For nearly two decades of Canadian elections now, it has been evident that technology has overtaken the law in how results are permitted to be transmitted.
The Elections Act does not permit results to be broadcast in any time zone before polls have closed. The reasoning is that Canadians should not be influenced by the results from a time zone whose polls have closed and where results can be gleaned.
Of course, that was a more enforceable matter when there was not an Internet; only Canadians who were phoning across the country could share results. But once the Internet surfaced, people could email and non-Canadian sites could publish results.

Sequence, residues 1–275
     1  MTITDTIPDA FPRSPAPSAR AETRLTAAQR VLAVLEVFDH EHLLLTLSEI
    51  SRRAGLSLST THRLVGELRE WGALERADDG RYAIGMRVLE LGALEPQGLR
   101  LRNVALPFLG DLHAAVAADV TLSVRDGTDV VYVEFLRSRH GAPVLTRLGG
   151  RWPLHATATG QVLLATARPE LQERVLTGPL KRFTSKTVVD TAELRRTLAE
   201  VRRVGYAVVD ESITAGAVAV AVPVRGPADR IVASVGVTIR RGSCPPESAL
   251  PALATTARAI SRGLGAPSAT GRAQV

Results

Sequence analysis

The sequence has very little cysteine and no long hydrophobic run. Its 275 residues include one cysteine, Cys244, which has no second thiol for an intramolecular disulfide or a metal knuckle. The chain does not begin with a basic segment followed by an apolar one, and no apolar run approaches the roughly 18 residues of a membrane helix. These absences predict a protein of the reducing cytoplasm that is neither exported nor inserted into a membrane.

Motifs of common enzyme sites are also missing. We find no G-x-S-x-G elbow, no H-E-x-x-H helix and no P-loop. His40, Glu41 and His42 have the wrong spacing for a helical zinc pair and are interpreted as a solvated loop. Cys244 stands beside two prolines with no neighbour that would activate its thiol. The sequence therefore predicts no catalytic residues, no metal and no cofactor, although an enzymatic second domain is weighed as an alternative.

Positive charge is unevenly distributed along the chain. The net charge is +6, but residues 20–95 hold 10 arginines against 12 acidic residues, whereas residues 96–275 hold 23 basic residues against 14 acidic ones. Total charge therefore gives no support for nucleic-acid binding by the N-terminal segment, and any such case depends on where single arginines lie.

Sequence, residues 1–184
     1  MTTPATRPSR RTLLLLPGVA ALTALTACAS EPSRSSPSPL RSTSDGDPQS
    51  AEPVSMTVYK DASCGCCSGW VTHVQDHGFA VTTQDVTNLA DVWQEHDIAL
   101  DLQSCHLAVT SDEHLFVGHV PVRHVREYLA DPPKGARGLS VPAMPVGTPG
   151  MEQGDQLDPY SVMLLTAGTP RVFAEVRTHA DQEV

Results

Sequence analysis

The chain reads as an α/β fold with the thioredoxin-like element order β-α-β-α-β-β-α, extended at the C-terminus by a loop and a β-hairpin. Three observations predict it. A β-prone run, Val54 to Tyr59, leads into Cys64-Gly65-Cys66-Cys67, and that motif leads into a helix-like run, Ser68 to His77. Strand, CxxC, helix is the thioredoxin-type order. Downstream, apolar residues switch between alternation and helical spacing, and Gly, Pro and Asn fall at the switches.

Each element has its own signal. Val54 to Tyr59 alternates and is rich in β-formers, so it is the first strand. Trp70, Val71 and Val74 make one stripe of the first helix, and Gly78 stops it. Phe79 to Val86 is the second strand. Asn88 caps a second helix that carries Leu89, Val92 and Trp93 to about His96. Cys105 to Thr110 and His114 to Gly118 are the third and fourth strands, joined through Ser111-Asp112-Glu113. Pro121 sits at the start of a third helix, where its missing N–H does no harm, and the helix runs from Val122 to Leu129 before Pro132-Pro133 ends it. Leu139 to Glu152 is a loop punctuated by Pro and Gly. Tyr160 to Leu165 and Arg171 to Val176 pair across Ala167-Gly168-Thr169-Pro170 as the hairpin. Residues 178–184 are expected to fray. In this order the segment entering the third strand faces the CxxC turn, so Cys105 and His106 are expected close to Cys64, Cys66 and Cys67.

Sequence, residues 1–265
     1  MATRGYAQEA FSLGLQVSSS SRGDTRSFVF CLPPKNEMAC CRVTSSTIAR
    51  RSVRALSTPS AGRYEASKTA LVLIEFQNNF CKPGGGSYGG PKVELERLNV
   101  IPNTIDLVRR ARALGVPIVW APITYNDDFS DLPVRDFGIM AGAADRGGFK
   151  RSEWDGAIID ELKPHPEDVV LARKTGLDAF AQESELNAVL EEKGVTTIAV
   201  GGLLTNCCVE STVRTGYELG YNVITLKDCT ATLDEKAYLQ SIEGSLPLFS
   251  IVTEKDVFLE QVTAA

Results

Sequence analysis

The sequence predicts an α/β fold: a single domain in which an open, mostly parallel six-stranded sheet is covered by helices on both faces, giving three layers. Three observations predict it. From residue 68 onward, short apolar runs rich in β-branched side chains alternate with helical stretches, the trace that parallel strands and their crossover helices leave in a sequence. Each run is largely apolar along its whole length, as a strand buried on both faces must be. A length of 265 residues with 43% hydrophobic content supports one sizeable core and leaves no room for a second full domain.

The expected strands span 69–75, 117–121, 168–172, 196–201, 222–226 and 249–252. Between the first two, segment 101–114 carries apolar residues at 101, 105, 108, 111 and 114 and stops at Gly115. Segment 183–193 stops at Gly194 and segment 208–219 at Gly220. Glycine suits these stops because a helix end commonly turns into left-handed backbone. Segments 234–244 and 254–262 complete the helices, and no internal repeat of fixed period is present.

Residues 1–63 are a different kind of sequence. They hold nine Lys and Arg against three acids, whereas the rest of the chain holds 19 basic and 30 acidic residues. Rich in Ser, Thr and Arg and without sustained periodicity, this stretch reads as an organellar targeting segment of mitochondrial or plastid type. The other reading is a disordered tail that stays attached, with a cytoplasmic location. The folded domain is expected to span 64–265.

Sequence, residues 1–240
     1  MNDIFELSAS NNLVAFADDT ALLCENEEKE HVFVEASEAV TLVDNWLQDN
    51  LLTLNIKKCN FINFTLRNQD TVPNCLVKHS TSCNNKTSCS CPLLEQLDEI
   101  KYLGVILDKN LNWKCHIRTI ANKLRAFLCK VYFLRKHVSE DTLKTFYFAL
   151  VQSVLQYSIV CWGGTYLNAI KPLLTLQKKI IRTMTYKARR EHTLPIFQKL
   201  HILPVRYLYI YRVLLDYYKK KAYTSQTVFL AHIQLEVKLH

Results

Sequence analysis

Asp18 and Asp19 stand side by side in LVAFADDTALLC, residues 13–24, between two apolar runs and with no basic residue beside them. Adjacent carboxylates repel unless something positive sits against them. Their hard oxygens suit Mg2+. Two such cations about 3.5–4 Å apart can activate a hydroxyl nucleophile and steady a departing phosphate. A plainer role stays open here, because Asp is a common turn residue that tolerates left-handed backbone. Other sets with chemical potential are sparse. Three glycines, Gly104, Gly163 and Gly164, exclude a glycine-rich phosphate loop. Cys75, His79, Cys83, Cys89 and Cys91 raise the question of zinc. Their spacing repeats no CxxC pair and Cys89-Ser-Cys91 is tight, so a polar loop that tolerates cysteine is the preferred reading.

Efforts were made to suppress those results and crack down on bloggers and others who transmitted results. The biggest losers were the television networks, which had to run pre-game-type programming until local polls closed, then join the national broadcast in progress. In the west, it often meant joining a telecast with an overall outcome long since resolved.
On Friday it was made clear the law will change
by the next federal election. Given that there are staggered polling hours that mitigate closing times, there shouldn't be much of an influence from east to west. And all of the technological workaround and crackdown will be a thing of the past.
An interesting touch: The federal minister who announced the change Tweeted out the announcement.